Holistic Therapies for Addiction Part 1: Do They Increase the Chances of Getting and Staying Sober?
Pet therapy, acupuncture, yoga, aquatic therapeutic exercise, homeopathy, equine therapy, art therapy, somatic experiencing, reiki, massage therapy, energy healing, mindfulness/meditation, psychodrama – the list goes on when it comes to holistic offerings at substance use disorder (SUD) treatment facilities, with many claiming a direct relationship with addiction recovery.
One holistic rehab’s “many harmless, natural, and effective methods” include hyperbaric chambers, organic coffee enemas, and exclusive IV drips that allegedly “fire up” natural production of neurotransmitters to heal brain damage caused by heroin abuse.
Fact or Fiction?
I could spend months researching the veracity of claims for holistic therapies, also referred to as integrative or experiential approaches. Do they add anything to the quality of the rehab experience – more importantly, do they increase the chances of getting and staying sober? Could their benefit be in the user’s head – that is, just a placebo effect? Are they worth the added expense? Could some of them be harmful?
Several years ago, I attempted to answer these questions as I researched numerous holistic approaches in an electronic special called “Holistic Rehab Therapies: Are Alternative Addiction Treatments Helpful, Harmless, or Head Games?” This two-part article will provide an update on some of them and also raise general issues about the topic of holistic therapies, which seem to be increasingly popular in SUD treatment.
Where’s the Evidence?
Determining the accuracy of claims made about holistic approaches is difficult. Consider The Addiction and Recovery Guide, a website that greatly stretches the truth by stating:
“Recent scientific studies have demonstrated dramatically improved success rates with the addition of holistic treatment approaches.”
It then goes on to provide links to summaries of a wide array of alternative practices and how they play a role in treating SUDs. Like other addiction-related websites that provide references supporting the use of holistic therapies, they may cite one small study and/or ones published some time ago or in obscure journals. For instance, when this particular site discusses qigong, a series of slow movement exercises believed to have health promoting and healing effects, they describe one small study supporting its use in heroin addiction detox, published more than a decade ago in an alternative therapies journal.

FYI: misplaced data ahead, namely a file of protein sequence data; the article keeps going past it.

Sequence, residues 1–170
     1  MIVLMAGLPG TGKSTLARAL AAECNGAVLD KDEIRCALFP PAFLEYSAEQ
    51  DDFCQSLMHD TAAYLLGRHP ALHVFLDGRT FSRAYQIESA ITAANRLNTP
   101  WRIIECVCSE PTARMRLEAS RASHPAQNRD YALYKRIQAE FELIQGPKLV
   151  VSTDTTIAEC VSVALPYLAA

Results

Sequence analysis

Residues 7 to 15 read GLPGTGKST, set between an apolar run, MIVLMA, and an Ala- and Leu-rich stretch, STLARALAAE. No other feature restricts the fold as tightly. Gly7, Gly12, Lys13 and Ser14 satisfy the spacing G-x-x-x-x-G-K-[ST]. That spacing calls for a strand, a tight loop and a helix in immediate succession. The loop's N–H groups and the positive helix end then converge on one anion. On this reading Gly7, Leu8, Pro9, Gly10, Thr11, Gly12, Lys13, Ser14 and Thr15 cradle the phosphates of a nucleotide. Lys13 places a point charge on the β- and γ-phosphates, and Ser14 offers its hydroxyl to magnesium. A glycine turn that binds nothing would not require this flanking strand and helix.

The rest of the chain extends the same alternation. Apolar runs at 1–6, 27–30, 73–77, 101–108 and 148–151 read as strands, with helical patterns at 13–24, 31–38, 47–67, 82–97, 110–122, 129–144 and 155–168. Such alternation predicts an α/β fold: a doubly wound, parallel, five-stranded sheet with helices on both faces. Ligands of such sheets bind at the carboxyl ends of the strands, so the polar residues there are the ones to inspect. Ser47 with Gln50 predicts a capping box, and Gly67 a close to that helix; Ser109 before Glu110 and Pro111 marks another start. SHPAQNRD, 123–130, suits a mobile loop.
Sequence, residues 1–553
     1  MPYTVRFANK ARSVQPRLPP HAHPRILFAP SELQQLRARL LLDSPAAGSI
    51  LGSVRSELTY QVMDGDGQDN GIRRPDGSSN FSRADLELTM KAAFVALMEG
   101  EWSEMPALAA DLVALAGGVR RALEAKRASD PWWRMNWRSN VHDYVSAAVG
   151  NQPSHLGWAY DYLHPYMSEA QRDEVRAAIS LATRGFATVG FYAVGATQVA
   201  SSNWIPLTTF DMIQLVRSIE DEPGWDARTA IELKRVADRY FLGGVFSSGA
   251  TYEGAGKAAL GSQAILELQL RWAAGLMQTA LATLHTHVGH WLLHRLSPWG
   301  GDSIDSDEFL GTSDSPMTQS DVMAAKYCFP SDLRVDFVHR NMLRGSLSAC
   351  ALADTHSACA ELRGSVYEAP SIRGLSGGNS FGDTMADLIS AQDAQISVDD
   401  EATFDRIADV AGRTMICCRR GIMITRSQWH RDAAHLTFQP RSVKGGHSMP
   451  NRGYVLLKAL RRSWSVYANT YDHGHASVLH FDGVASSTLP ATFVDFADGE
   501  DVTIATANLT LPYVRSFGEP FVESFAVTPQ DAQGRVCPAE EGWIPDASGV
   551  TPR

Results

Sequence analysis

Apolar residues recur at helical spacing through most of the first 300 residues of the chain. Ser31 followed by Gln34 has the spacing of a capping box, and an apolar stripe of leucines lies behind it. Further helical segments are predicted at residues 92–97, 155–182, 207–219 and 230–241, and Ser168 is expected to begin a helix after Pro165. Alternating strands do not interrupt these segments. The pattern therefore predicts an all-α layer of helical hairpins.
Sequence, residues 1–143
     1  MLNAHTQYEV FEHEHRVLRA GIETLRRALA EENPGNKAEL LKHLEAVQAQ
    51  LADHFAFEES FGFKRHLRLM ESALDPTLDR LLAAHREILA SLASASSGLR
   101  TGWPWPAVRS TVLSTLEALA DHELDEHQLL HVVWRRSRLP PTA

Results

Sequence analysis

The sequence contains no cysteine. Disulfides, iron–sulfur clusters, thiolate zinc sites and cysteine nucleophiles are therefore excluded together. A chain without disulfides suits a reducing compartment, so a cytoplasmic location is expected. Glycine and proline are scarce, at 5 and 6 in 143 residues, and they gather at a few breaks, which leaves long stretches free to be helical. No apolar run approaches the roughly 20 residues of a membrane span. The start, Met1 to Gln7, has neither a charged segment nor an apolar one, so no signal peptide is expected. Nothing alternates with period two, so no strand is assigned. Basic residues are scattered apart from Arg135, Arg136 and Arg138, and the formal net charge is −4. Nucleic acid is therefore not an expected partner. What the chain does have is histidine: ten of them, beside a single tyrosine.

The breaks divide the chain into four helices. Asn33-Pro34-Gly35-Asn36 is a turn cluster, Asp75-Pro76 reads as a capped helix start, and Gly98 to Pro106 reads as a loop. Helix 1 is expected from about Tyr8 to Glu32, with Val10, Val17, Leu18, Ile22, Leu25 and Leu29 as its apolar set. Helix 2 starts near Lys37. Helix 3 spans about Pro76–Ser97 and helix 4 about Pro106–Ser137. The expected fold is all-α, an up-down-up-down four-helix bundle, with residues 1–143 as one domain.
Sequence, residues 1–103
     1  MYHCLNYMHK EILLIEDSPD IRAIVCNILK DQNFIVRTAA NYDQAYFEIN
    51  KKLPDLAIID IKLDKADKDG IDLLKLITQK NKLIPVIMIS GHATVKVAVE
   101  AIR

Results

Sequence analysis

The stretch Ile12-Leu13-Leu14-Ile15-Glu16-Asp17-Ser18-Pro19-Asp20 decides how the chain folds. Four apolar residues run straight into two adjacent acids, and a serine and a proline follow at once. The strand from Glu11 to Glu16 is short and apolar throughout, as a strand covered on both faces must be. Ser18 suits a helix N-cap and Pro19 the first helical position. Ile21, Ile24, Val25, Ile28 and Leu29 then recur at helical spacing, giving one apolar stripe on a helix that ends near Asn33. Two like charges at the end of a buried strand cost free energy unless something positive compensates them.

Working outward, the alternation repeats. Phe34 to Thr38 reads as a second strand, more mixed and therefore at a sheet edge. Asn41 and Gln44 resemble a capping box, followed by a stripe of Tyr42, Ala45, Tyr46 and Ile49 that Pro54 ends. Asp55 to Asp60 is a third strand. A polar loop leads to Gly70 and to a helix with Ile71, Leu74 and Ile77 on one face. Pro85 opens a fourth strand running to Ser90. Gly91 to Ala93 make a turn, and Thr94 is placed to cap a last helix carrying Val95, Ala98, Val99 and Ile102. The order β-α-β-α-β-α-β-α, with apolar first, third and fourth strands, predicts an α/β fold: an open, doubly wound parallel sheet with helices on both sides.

When I see some of the holistic therapies offered by rehabs and claims made supporting them, I wonder how they can get away with such practices. Mark Willenbring, MD, Director of Alltyr Clinic in St. Paul, MN and former director of the Treatment and Recovery Research Division at the National Institute on Alcohol Abuse and Alcoholism pulled no punches when he told me:
“Treatment centers are able to offer just about whatever they want, regardless of whether there’s scientific research or expert consensus concerning effectiveness.”
Here’s a run-down of just a handful of holistic/alternative therapies offered at SUD treatment facilities along with what we know about their efficacy:
A popular addiction list serve for lay people recently quoted an expert as saying that acupuncture has been “extremely helpful for those with substance use disorders,” with benefits including a decrease in cravings, anxiety, and depression among many other benefits. A U.S. college of “Oriental” medicine makes similar claims.